It does sound like he's sorry.  And I'll never understand why it was okay to hire him after these tweets happened and it's not okay now.  I assumed he made a tweet in the last couple of weeks, but to see that it was six years ago before he even joined the Flash is a tad troubling.  If he learned from it and has been good around his female and black costars, I'd think he'd have been treated differently.  But that's not my call.

Re: DC Superheroes on TV (CW & HBO Max)

I think Sawyer deleted his account before he was up for his now former job or he was hired during the period when noted sexual harasser Andrew Kreisberg was still running the show and noted sexual harasser Andrew Kreisberg was fine with ignoring Sawyer's remarks. After the massive scandal surrounding noted sexual harasser Andrew Kreisberg, the Arrowverse productions are probably in no position to have any kind of tolerance for this and have no desire to deal with this sort of public relations struggle. They don't want the optics, they don't want the trouble, they don't want to go through another round of Kreisberg antics -- they just don't want to be associated with this sort of behaviour whether years ago or days ago. They wouldn't survive it.

Re: DC Superheroes on TV (CW & HBO Max)

Yeah this one is probably out of anyone's hands.  The Kreisberg explanation makes sense.

Re: DC Superheroes on TV (CW & HBO Max)

I don't really *know* anything about Hartley Sawyer. Why would someone think it's alright to make homophobic slurs? I can't imagine myself doing that. But as a former sexual harasser of women in college who stalked three classmates and pestered one barmaid, all when I was in university, I have to believe Sawyer's apology is genuine because otherwise, I wouldn't be able to believe in my own capacity for change.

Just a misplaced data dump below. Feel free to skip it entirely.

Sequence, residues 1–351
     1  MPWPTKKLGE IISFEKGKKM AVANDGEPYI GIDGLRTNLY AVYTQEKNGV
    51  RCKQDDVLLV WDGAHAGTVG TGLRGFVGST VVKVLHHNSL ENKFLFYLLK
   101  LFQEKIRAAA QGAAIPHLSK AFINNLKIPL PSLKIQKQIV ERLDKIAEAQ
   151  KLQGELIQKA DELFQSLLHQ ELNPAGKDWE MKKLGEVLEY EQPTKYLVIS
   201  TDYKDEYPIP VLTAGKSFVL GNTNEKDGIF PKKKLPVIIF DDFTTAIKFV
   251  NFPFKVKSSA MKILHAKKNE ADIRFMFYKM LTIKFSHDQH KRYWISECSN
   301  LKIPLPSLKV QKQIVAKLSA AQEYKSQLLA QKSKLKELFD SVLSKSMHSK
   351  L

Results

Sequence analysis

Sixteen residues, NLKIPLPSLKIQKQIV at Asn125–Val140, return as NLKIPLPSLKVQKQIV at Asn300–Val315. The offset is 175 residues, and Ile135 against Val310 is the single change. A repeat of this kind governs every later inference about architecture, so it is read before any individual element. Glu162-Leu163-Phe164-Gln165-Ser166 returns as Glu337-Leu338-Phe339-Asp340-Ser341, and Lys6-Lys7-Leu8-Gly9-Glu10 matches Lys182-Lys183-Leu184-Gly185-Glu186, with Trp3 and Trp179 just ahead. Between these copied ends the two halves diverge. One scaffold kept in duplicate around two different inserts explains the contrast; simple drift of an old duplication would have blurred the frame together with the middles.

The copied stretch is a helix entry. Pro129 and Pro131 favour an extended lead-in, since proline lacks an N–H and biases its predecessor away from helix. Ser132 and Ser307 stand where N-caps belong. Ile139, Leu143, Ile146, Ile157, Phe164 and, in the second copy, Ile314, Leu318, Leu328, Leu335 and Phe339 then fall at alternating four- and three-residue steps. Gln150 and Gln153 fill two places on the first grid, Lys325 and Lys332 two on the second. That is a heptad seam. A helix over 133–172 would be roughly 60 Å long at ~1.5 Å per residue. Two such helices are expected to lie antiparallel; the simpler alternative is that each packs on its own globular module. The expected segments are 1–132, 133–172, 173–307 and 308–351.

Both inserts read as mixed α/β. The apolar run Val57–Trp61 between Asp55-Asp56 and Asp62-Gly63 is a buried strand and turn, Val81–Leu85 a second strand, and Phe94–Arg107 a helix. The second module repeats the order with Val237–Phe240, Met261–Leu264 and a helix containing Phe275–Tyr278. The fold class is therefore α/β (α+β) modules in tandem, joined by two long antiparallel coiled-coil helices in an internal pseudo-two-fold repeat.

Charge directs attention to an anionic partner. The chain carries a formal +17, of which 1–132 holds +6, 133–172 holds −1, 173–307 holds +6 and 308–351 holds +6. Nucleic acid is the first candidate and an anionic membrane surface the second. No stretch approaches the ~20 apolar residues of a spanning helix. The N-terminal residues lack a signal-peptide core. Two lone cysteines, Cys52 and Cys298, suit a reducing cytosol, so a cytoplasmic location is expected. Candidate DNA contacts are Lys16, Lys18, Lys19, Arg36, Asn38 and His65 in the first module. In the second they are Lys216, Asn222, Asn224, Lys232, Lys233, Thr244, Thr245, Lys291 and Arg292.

At the same time, it's foolish and always has been to think that social media is not a platform where everything we say will not come back to haunt us, so we should never say things we wouldn't be proud to say an hour later or a year later. We should ask ourselves how it would impact us. Or how a woman or a person of colour or a member of the LGBTQ community or a prospective employer would feel if they found our words. Or if they were reproduced all over Twitter.

I don't anticipate ever being a celebrity, but if I ever became one and you investigated me, you would find creepy messages from me to women that I wrote back when I was in university. You would also find messages to them from a few years ago where I tell them that I am very sorry for stalking and harassing them and that I've befriended a lot of women and been in a lot of psychotherapy and realized how threatening and intrusive and hurtful my behaviour must have been and that I'm very sorry and ashamed. Anyone in the public eye, for their own job security, should look at everything they've put in public and if it is reprehensible, they should out themselves before someone else does it and apologize for it.